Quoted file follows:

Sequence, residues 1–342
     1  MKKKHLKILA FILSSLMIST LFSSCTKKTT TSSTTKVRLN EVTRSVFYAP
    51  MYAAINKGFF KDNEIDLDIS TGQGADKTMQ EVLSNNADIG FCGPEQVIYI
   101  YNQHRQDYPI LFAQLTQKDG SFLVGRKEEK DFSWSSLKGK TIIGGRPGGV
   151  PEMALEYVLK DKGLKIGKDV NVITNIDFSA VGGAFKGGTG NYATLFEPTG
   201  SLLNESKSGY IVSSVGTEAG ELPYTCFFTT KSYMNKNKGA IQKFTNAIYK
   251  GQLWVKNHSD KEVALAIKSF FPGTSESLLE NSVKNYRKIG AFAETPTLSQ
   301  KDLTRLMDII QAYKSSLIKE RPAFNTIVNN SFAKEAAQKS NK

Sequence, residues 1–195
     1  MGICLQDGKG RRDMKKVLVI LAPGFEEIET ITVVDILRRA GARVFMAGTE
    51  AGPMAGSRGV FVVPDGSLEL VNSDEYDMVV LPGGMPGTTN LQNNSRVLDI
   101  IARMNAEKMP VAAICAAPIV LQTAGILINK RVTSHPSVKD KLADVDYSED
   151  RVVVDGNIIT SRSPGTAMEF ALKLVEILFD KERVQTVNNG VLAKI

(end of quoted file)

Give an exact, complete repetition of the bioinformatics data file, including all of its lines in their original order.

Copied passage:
Sequence, residues 1–342
     1  MKKKHLKILA FILSSLMIST LFSSCTKKTT TSSTTKVRLN EVTRSVFYAP
    51  MYAAINKGFF KDNEIDLDIS TGQGADKTMQ EVLSNNADIG FCGPEQVIYI
   101  YNQHRQDYPI LFAQLTQKDG SFLVGRKEEK DFSWSSLKGK TIIGGRPGGV
   151  PEMALEYVLK DKGLKIGKDV NVITNIDFSA VGGAFKGGTG NYATLFEPTG
   201  SLLNESKSGY IVSSVGTEAG ELPYTCFFTT KSYMNKNKGA IQKFTNAIYK
   251  GQLWVKNHSD KEVALAIKSF FPGTSESLLE NSVKNYRKIG AFAETPTLSQ
   301  KDLTRLMDII QAYKSSLIKE RPAFNTIVNN SFAKEAAQKS NK

Sequence, residues 1–195
     1  MGICLQDGKG RRDMKKVLVI LAPGFEEIET ITVVDILRRA GARVFMAGTE
    51  AGPMAGSRGV FVVPDGSLEL VNSDEYDMVV LPGGMPGTTN LQNNSRVLDI
   101  IARMNAEKMP VAAICAAPIV LQTAGILINK RVTSHPSVKD KLADVDYSED
   151  RVVVDGNIIT SRSPGTAMEF ALKLVEILFD KERVQTVNNG VLAKI